When a new intervention has some toxicity, this argument requires even greater consideration. Assume the intervention is in truth not better (possibly worse) than the control arm and returns a high but tolerable level of toxicity. If it is falsely judged to be superior in a trial (i.e. a type I error is made), there are implications for future research. Patients will already be experiencing some ln, narrowing the path for future treatment options, particularly if a future RCT is one of adding a treatment rather than substituting: any further toxicity may make the total toxicity unacceptable. In this case, significance levels (and target differences) should be chosen with a clear consideration of the likely toxicity.

We note recent work that highlights the importance of considering long-term aims or research in context [9]. Rather than simply setting error rates for a single trial, one might consider a long-term horizon and the aims by that point. For example, running several smaller trials with relaxed α levels may lead to improved expected survival in the long term vs. fewer large trials with more stringent α, though more type I errors will be made (see [9] for details).

Moving from two- to one-sided significance tests

Two-sided tests look for a difference between groups, but are technically agnostic about the direction of this difference. So-called superiority randomised trials aim to show that one treatment is superior to another on major disease outcomes. Two-sided testing is a ritual that involves careful neglect of the substantive hypothesis and it could be argued that it should be abandoned in most superiority RCTs [10].

In a trial looking to detect superiority of one treatment over another, a two-sided hypothesis test says we will reject H0: difference = zero if the new treatment is better or worse. However, if a two-sided test returns a p value of 0.0001 and the new treatment is worse, the decision would be not to use that treatment. The same decision would be made if the p value were 1 and the difference between treatments 0. There is, thus, a disconnect between the statistical hypothesis tests and the operational hypothesis interpretation. Note that a trial that finishes with a highly statistically significant value against the research arm is wasteful and harmful; pre-planned interim analyses should have been used to get out early, and to focus the limited resources into a randomised trial that tested something that might make a difference. Operationally, for superiority trials, both the hypothesis we are primarily interested in and its interpretation are very one-sided (‘harm’ and ‘no-effect’ lead to one decision, while ‘benefit’ leads to another). Researchers using a nominally two-sided, 5 % significance level are effectively using a one-sided, 2.5 % significance level. To improve efficiency, the statistical design could better reflect this behaviour, and employ one-sided testing procedures and intervals.

In many sequential or adaptive designs, it is already common to design and analyse with one-sided significance levels because decisions may otherwise be nonsensical, for example in designs that aim to stop for futility [11].

Note that this argument is not related to the societal perspective adopted in arguing for high power and higher type I error rates than conventionally used.

Figure 2 shows how the target number of patients for EURAMOS-1 depends on the sidedness of tests and on the significance level chosen, with all other design parameters held constant.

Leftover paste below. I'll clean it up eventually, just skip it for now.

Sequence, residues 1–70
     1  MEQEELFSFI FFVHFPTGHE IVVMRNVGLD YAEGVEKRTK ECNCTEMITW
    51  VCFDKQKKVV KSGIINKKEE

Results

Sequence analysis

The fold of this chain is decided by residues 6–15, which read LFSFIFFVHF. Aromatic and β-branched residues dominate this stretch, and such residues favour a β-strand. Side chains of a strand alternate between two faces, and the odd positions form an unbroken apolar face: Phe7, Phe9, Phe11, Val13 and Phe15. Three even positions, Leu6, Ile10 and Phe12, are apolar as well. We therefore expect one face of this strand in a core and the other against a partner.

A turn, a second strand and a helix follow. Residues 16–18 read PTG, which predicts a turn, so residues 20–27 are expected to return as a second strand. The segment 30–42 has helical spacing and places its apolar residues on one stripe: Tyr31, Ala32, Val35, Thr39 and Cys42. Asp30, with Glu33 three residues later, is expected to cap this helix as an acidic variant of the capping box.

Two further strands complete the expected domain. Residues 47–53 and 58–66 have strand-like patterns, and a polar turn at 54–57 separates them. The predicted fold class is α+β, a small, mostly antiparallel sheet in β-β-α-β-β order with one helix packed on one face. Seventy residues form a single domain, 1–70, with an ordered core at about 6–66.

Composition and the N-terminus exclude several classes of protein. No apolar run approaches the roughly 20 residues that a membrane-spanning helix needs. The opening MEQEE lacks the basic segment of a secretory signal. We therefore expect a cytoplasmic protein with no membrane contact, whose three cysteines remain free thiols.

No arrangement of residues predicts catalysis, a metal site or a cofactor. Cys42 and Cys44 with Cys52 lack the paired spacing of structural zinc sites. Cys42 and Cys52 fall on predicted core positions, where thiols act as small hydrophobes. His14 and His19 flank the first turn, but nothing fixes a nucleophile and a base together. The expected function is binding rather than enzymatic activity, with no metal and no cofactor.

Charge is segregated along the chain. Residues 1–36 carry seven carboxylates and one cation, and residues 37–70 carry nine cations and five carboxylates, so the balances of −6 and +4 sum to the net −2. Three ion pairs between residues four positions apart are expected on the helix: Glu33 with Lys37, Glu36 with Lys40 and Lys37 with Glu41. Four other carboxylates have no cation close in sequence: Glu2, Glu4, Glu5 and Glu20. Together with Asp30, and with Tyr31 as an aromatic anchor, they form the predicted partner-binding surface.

Fig. 2
figure 2

Dependence of required number of patients on sidedness of tests and desired type I error rate

Including covariate information in design

Covariates are patient characteristics measured at baseline. In observational studies, adjusting for covariates can reduce bias due to confounding. In randomised trials, accounting for covariates has a different aim: to increase precision, and thus gain power [12, 13].

Adjusting the treatment effect estimate for covariates that affect the outcome measure has been shown to lead to substantial increases in power [14]; adjusting for covariates that do not affect the outcome measure leads to a slight loss, but this is very small [14]. There are several alternative methods of accounting for covariates [13, 15, 16].

When trying to compute sample size requirements, it is possible in principle to allow for covariates. For continuous outcome measures, this may be through reducing the standard deviation in sample size calculations (because covariate effects will explain some of the variation away). However, it is not clear how best to approach this for categorical or time-to-event outcome measures, and is an area worthy of methodological research.

Previous work based on 12 different outcomes taken from eight studies demonstrated that the effects of covariates seen in real trials could increase power from 80 % without covariate adjustment to between 81 and 99 % with planned covariate adjustment [14]. Without formally incorporating covariate effects in the sample size calculations, planning to adjust the analysis may be viewed as a method of reclaiming some power. Compared to the sample size calculations, we may expect this to be in the region of about 5 % (and hope it is more). This may be a way of strengthening the design if power has been relaxed further than we would wish.

Re-randomising patients

Historically, the only context in which patients are permitted to participate in the same trial more than once is in crossover designs, which involve patients being randomly assigned to a sequence of treatments and having outcomes measured after each period, with some or all patients receiving different treatments in different periods (crossing over) [17]. A predefined number of treatment periods is set out for each patient.